Meet John Charles Gilkey. Gilkey is a rare book thief. Obsessed by the quest to obtain rare and valuable literature, Gilkey toils at great length to devise schemes that will net him free books. Gilkey spends much of his time researching both the books and the shops and fairs they will be liberated from, and perfecting his distressing schemes. Beginning with amateur attempts at passing bad checks and eventually engaging in voracious credit card fraud, Gilkey's passion for books is only surpassed by his belief that he should receive these books at no charge to himself.
Reporter Allison Bartlett is interested in documenting Gilkey's story, as well as the story of Ken Sanders, the "bibliodick" who has made it his job to catch thieves of this nature. Allison, having conducted numerous interviews with both the thief and the detective, begins to piece together the story of Gilkey and his exploits, as well as the story of Sanders, the man who always seems to be one step behind him. As Bartlett investigates the two men, she becomes embroiled in the heady world of book collecting and collectors, and sheds light on both the people who make their living selling the rarest of books and the people that will apparently stop at nothing to get them. A book about the love of books taken to the extreme, The Man Who Loved Books Too Much is at once an outrageous and unbelievable story about one of the most appalling thieves you are likely to ever come across.
This was a sensational read in every aspect of the word. Reading about Gilkey and his literary transgressions was at times frustrating but was also very beguiling. I found Gilkey to be a ridiculously unrepentant thief, and the brazenness of his crimes caused me to have several jaw-dropping moments. He seemed an unlikely criminal, one whose charm and politeness belied his true intentions. When Bartlett begins meeting with Gilkey in an effort to better understand his motivations and compulsions, she, too, is fooled by his seemingly placid nature and overt good manners. It is only when Ken Sanders, the book detective, begins to weigh in that Bartlett begins to discover that Gilkey is in fact a profligate thief, so cocky and emboldened that he thinks nothing about stealing from the same sources time and time again, even after being convicted and sentenced to prison.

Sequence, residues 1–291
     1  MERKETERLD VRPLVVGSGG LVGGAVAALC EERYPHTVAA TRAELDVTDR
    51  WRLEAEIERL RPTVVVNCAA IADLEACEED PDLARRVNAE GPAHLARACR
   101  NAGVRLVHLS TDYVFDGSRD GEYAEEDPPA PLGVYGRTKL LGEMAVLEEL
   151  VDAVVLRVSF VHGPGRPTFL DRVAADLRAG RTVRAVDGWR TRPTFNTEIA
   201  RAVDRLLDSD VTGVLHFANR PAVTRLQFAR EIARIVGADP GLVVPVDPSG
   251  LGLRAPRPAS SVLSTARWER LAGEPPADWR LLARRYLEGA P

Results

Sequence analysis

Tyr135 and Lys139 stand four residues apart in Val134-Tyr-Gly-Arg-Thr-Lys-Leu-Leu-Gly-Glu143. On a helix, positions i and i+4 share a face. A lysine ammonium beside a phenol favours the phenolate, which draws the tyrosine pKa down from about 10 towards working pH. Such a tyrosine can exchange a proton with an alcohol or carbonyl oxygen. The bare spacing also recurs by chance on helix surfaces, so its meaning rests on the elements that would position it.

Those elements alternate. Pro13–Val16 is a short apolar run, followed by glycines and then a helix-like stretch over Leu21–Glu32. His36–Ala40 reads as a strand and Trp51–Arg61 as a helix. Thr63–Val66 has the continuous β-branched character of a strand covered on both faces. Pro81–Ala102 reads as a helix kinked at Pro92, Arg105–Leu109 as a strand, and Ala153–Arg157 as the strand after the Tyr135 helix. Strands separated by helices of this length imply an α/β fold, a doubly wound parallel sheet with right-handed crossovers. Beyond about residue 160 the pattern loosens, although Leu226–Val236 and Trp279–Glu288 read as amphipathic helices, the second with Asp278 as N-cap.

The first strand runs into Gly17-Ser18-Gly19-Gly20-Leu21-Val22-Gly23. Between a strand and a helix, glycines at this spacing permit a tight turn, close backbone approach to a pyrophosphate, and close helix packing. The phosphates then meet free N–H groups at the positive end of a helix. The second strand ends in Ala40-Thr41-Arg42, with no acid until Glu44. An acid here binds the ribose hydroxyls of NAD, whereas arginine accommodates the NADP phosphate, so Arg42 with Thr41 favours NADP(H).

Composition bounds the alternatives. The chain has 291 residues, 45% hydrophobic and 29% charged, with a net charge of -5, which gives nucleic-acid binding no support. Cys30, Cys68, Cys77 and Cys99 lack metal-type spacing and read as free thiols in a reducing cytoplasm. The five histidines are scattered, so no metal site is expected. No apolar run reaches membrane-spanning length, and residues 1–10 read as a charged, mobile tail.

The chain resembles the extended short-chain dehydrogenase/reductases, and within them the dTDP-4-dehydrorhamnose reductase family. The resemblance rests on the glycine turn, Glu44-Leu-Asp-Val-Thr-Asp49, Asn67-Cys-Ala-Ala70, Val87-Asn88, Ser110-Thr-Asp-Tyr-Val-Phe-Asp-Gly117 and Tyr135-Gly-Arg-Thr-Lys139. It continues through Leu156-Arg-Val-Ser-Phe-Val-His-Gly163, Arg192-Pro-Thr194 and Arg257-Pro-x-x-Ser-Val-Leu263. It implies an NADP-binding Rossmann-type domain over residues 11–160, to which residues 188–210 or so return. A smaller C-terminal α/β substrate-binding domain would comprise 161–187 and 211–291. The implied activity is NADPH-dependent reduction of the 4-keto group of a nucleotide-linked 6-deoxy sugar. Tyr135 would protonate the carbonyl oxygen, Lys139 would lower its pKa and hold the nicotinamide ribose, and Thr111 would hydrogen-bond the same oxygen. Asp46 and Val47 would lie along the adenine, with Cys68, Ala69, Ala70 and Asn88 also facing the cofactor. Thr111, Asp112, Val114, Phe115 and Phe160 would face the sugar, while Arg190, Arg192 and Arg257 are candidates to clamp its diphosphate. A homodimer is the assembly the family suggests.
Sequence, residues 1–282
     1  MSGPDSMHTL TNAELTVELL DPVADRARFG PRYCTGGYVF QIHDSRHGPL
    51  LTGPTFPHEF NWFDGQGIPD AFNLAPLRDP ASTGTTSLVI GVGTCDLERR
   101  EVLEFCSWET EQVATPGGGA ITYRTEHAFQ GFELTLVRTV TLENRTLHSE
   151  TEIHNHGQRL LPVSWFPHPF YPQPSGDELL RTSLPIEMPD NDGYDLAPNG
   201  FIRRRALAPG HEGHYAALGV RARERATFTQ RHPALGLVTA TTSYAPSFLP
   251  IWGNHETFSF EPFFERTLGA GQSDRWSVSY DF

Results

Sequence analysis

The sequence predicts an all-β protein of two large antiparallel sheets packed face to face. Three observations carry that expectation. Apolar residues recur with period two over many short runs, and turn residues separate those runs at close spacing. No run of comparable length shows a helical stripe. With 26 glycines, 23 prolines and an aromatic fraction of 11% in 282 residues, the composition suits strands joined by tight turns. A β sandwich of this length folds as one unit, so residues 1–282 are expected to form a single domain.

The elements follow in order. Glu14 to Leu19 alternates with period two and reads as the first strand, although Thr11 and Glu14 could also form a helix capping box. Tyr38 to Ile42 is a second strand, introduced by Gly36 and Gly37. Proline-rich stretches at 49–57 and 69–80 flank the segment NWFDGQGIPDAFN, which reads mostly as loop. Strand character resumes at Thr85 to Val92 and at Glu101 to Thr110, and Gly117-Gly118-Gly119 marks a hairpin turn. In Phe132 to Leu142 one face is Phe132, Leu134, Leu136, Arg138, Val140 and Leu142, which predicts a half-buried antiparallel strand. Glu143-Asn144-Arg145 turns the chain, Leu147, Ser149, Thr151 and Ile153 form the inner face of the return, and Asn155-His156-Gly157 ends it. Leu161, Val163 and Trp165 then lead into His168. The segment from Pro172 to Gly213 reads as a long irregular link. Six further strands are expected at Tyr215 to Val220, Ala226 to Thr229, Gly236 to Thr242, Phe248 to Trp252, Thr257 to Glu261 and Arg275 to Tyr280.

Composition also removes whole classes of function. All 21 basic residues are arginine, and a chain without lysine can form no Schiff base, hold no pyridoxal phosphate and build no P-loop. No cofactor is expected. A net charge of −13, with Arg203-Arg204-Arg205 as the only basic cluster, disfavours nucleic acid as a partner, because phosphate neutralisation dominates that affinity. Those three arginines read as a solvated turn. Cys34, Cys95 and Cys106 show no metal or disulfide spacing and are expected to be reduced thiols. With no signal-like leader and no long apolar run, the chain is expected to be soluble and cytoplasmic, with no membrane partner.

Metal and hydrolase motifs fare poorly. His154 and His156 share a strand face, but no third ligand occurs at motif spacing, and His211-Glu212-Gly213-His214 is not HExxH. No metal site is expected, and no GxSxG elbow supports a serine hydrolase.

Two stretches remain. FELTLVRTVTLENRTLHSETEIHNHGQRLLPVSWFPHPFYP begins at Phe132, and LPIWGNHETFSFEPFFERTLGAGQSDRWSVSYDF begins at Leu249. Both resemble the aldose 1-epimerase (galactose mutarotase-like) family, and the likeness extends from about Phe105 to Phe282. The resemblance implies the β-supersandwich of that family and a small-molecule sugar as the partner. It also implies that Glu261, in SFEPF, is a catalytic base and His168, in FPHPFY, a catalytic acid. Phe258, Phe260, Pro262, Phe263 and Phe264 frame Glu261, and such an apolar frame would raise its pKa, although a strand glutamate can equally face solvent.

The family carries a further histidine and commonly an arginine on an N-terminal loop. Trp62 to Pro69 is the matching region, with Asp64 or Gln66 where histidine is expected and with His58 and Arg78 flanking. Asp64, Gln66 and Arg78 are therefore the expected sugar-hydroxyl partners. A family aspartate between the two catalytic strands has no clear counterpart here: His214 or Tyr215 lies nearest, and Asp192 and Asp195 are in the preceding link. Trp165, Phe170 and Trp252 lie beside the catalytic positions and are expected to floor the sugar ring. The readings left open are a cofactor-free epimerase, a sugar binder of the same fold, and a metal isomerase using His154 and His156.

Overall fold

It was amazing for me to discover that Gilkey had stolen hundreds of rare books worth several thousand dollars and that most of the time he got away with it. It seemed that luck was mostly on his side, and when it wasn't, he had a way of absurdly justifying his crimes to himself that left no feelings of guilt in his mind. The most interesting aspect of this book was the in-depth look into Gilkey's behavior and background. Through the interviews Bartlett conducts, Gilkey is revealed as a man with an extremely questionable family life and very flexible morals. He doesn't seem to have a filter between wrong and right and appears almost dim-witted, which is why I found it surprising that he had been so successful as a rare book thief. At one point, Gilkey is talking with Bartlett about his plans for the future, and he mentions the idea that each person in America should send him one book, to keep him from thievery. I couldn't help but laugh out loud at his absurdity because his comment was made with total sincerity. That is the type of person he is: comically short sighted and morally underfunded. At times I really wanted to throttle him, for he never seemed to understand the basic premise that stealing books is wrong and something that most people just don't do. Instead he had an overblown sense of entitlement and felt that he was somehow owed these rare books.
I found it oddly humorous that towards the middle section of the book, Bartlett manages to become so enmeshed with his story that she questions weather she herself may be thought of as an accomplice to his strange schemes, and wonders just how she might disentangle herself from him. This book had a great cat and mouse quality, and the more I read about Gilkey and his nemesis Sanders, the more I got caught up in the web of this tale. Though Sanders comes off as a bit standoffish, he shows an amazing tenacity in his job as head of the security chair for the Antiquarian Booksellers' Association of America, and does everything in his power to make sure that Gilkey and thieves of his ilk are caught and prosecuted for their crimes. Sanders takes Gilkey's attacks as a personal affront, and like most of the dealers who have been victims of theft, he is dogged in his pursuit of retribution.
I really loved reading about all the aspects of book procurement and collecting that this novel explored. Aside from it being a story about one man's theft of rare books, it also highlighted a great deal about the love of obscure books and delved into the haunts one might frequent when going in search of these treasures. It was quite easy for me to personally relate to the collectors. They all shared a sense of wonder and fervor over books that they wished to possess, and it was wonderful to see the sense of awe that they got when something really rare came into their sights. Although I enjoyed reading about Gilkey and his drive to steal books, I found myself more enthralled with the information about the collectors and their quarry.
I had never imagined coming across as aggravating a thief as John Gilkey, and I thought that this book deftly explored both the man and his crimes in great detail. The story was both humorous and at times troubling, but nevertheless I had a great time with it. If you are a book lover, you will surely love this exceptionally told story. It was a fast paced and extremely unique look at the world of book lovers everywhere, and a telling portrait of a very afflicted man. A great read, highly recommended.
This book was provided as a complimentary review copy.